So I announced this week that I'm moving, which means packing. Oh, the horror! Packing is no fun, and books are heavy. (Thank goodness for rolling suitcases!) And, despite being a book nerd through and through, when I'm going through stuff to pack, I clean out my bookshelves first.
I think an essential part of moving is leaving belongings you no longer need or want behind, which, for me, includes the books I don't plan to read again, and the books I've lost interest in and don't plan to read at all.
I know, I know. I wasn't always like this.
Actually, I used to have the attitude that books were holy relics and that one should never, EVER get rid of books. No matter how beat up your old Dover Thrift edition of The Picture of Dorian Gray is; no matter how much you hated the book and never plan on reading it again; no matter if you received the book as a gift and it's not your style. No matter what, you should never get rid of books. If you were to ask me, I'd have told you that "Thou shalt not weed thine personal book collection" was the first of the Ten Commandments in the Book Nerd Bible.
So what changed, you ask? A lot of things, and here's what I learned.
Space is a valuable commodity
There's a reason libraries regularly weed their collections. Any book you're not going to read that's sitting on your shelf is taking up space that a book you might really love could be using. Plus, if you have extra space on your shelf, that means you can consider how best to fill it. Oh, the possibilities!
Books don't have feelings
Despite what they may try to tell you, books don't have feelings. They're not going to be mad or upset or hurt if you pass them on to someone else. Any guilt you feel for cleaning out your bookshelves is self-generated. Sometimes you just have to tell that little voice in your head to STFU because you don't want to keep books you may never read again on your shelf. And when it's time to move, your muscles will thank you.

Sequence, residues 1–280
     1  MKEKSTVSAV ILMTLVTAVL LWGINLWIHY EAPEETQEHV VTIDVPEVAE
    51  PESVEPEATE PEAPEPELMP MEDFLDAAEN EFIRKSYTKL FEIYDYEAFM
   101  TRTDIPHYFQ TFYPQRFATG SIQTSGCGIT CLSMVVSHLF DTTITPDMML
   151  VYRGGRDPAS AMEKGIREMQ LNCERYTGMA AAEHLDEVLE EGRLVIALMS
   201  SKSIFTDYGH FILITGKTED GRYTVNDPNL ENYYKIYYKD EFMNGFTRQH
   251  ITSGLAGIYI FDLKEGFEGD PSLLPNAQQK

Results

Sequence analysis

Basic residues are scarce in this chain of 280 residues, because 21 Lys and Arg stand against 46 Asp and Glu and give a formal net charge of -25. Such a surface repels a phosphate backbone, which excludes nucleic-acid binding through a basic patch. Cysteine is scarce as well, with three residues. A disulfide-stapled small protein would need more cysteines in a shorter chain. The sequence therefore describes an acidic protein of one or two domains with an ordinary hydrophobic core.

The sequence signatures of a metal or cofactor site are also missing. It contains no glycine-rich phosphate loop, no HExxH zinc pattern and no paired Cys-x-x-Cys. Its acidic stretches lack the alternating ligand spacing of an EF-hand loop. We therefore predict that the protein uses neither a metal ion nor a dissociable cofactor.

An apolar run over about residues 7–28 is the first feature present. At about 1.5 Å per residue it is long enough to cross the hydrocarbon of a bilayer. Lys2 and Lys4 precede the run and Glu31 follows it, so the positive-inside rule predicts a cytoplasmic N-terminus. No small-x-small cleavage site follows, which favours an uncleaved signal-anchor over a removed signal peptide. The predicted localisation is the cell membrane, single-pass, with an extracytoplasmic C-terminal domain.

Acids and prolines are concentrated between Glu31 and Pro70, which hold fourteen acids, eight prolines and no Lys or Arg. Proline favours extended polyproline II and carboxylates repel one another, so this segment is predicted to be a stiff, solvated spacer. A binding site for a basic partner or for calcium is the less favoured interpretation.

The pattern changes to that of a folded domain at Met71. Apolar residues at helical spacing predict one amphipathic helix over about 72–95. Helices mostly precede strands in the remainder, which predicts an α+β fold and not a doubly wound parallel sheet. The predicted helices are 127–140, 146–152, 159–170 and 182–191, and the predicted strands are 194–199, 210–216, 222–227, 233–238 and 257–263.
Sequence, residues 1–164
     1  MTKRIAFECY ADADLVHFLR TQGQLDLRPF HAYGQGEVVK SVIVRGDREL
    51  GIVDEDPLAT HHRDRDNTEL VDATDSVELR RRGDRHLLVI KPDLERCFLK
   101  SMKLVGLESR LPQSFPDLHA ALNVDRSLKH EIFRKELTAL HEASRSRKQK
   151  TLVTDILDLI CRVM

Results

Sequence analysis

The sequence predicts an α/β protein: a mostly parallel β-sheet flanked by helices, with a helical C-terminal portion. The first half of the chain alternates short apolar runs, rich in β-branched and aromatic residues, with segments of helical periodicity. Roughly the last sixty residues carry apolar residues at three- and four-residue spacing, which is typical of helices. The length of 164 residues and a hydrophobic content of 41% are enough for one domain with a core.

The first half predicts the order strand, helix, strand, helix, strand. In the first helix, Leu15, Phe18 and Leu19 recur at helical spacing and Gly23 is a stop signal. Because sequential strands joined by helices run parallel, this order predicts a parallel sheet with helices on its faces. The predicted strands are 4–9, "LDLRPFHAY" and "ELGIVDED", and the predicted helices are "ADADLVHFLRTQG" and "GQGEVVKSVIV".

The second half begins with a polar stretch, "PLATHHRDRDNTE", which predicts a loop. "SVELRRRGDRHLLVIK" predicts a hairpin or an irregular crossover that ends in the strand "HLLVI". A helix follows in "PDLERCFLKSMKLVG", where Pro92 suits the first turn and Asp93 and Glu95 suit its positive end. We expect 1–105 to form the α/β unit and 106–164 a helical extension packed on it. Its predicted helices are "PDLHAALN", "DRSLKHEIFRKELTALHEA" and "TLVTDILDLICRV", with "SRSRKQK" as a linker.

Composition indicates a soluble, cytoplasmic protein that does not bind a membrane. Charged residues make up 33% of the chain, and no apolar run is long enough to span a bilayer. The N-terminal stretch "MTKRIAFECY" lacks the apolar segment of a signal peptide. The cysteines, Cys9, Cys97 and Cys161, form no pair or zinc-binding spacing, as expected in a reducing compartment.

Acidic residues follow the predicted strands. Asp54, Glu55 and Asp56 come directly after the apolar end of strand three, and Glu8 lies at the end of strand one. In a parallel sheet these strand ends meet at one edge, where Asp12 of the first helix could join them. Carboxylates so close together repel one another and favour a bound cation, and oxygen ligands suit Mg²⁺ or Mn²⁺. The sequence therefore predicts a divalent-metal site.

"Quality over quantity" is where it's at
This often-used phrase really is true. It's better to have a few good books that you love and you're enthusiastic about than it is to have a million books that you see on your shelf and think, "meh." Reading is supposed to be an enjoyable activity, and "meh" doesn't exactly sing of unbridled joy.
An organized shelf is the best shelf
Now I'm not one of those preachers of the "cleanliness is next to godliness" gospel, but I do know that there's nothing more annoying than not being able to find a book you KNOW you have. That's almost as bad as bringing home your third copy of a book because your shelf is so disorganized that you didn't realize you already had a copy.
Consigning books is an all-around win
Imagine this: you clean out your shelf and take all the books you no longer want to a consignment bookstore. Then you get store credit to buy more books. You're happy because you get to trade books you don't want for books you do want and the store is happy because they get to re-sell the books you don't want to people who do. Everyone wins!
There's always more where that came from
More books are being published now than ever before. So if you're not totally sure if you're going to enjoy it, pass. Hundreds of books are published every year, so there's no point debating with yourself on whether you really want to read one of them. If you're not sure, pass it on, and wait for one that really makes you want to dive headlong into a reading session.
All that being said, I've got a tub of books I'm giving away, so if you're in Birmingham and want some free books, let me know! If no one claims them, I'll donate them.